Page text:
An Escondido man said he wanted to drive legally here in California and now is facing deportation because of it. The man and his attorneys believe, AB 60, a law that was designed to help undocumented immigrants obtain California driver licenses legally is now being used against them.
Playing with his children, Joel Hernandez said he has tried to shield his younger children from the fear that he faces deportation.
“I am worried about the financial and economic harm that will come to my family should I get deported," Hernandez said.
The situation started for Hernandez last July when he said he left his home, on his way to work. Nearby, Hernandez said Immigration and Customs Enforcement (ICE) agents were waiting to pull him over.
Hernandez said those agents had a copy of his AB 60 driver’s license photo when they pulled him over.
AB 60 driver’s licenses allow undocumented residents to drive legally as well as acquire much-needed insurance coverage. When Assembly Bill 60 became law in 2013, it stated information shared in order to obtain the special driver’s license would not be used “as evidence of the holder’s citizenship or immigration status” or “as a basis for a criminal investigation, arrest or detention.”
Since living here in California, Hernandez said he has not committed any crimes.
When Hernandez was stopped by ICE Agents, it was in connection to a deportation order that had been issued for him back in 2005. Hernandez feared that order was now catching up to him. But he also feels that the state of California inadvertently betrayed him, through his AB 60 license.
“They assured us that the DMV would not share our information with anyone,” Hernandez told Telemundo 20.
Hernandez is not alone. Last year, NBC 7 Investigates spoke with another Escondido man who said during his arrest, ICE Agents had a copy of his AB 60 driver’s license in-hand.
“They are going to come to knock on your door if they choose to. People warned me,” that man said. “But I believed it when the state said it wouldn’t be that way.”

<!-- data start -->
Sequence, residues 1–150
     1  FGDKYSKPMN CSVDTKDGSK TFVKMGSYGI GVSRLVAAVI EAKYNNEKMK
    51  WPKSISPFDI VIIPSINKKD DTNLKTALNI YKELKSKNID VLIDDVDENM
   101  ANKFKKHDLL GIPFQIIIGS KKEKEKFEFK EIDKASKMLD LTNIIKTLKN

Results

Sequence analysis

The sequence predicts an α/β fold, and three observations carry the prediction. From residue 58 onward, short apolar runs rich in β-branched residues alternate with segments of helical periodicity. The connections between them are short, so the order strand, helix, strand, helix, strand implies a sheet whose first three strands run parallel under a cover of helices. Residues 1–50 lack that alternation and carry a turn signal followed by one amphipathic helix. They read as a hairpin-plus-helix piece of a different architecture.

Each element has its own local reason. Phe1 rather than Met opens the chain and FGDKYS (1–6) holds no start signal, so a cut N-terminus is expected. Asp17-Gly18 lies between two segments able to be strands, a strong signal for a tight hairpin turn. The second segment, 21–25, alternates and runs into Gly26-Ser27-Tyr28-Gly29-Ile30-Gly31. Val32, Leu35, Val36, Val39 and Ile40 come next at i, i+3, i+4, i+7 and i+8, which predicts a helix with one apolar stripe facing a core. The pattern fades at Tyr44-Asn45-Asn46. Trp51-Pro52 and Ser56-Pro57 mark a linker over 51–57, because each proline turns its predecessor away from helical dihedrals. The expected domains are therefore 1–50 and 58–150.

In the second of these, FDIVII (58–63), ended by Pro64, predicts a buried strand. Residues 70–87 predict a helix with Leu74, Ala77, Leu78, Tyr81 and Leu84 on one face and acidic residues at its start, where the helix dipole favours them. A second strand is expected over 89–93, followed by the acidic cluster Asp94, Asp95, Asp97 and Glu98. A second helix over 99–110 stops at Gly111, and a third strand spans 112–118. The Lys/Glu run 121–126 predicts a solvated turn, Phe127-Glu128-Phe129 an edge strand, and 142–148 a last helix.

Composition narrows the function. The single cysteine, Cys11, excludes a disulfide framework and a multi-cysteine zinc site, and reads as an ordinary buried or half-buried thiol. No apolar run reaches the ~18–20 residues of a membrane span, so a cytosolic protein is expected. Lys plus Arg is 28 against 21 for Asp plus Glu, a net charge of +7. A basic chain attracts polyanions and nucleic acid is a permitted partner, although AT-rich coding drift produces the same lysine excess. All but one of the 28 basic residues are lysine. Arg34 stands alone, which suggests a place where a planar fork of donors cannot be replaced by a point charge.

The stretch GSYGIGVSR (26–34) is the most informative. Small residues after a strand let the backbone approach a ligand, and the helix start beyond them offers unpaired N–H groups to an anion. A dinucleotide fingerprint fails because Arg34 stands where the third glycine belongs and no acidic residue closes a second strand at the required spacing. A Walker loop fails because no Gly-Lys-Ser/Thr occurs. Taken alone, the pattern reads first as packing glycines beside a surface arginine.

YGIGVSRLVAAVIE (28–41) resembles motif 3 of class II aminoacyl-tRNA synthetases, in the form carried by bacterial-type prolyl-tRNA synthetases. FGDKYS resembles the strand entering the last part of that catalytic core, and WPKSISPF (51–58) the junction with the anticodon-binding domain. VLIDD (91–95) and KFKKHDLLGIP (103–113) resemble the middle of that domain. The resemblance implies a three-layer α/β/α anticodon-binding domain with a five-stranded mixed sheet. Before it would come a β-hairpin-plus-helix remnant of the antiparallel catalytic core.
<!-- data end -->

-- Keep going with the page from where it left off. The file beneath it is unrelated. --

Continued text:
Hernandez first spoke with NBC 7’s media partner Voice of San Diego for their investigation into access of AB 60 information.
To read Voice of San Diego’s investigation, click here.
In response to Voice of San Diego’s inquiries regarding Hernandez’s case and others, Assemblywoman Lorena Gonzalez started investigating reports of federal agents dipping into Department of Motor Vehicles (DMV) records to find undocumented immigrants. In a letter to the DMV, Gonzalez asked for clarification on the department’s policies regarding agencies accessing AB 60 license information and photos.
On February 4, Deputy Director Sonia Huestis wrote back explaining it does not maintain a separate database for driver license applicants under AB 60, meaning all of the DMV’s records can be accessed by outside agencies.
Huestis explained law enforcement, including immigration officials, can access DMV driver information through two Department of Justice programs: the California Law Enforcement Telecommunications System (CLETS) and Cal-Photo programs. Both programs interface with the DMV’s database but the information available does not include a driver’s legal status here in the country.
To read the DMV’s letter, click here.
In response to NBC 7 Investigates, Lauren Mack, a spokesperson for ICE, pointed out that agents do not have direct access to the DMV’s database. In regards to access to programs that interface with the DMV’s database, Mack said, “Information related to the methods and how ICE agents develop cases is law enforcement sensitive.”
Hernandez and his attorneys believe this is how ICE Agents found his information.
“We only come here to work, it’s just not fair,” Hernandez said.
Assemblymember Gonzalez told media partner Voice of San Diego that she plans to look into the situation further.
In response to Voice of San Diego's reporting, former State Assemblymember Luis Alejo, the author of AB 60, called the revelations "troubling" and said that it could have "a chilling effect in immigrant communities across the state and immigrants could be less inclined to apply or renew their AB60 licenses in the future."
Both Gonzalez and Alejo have asked the Governor and Attorney General's offices for more information on how immigration officials are accessing AB 60 license records.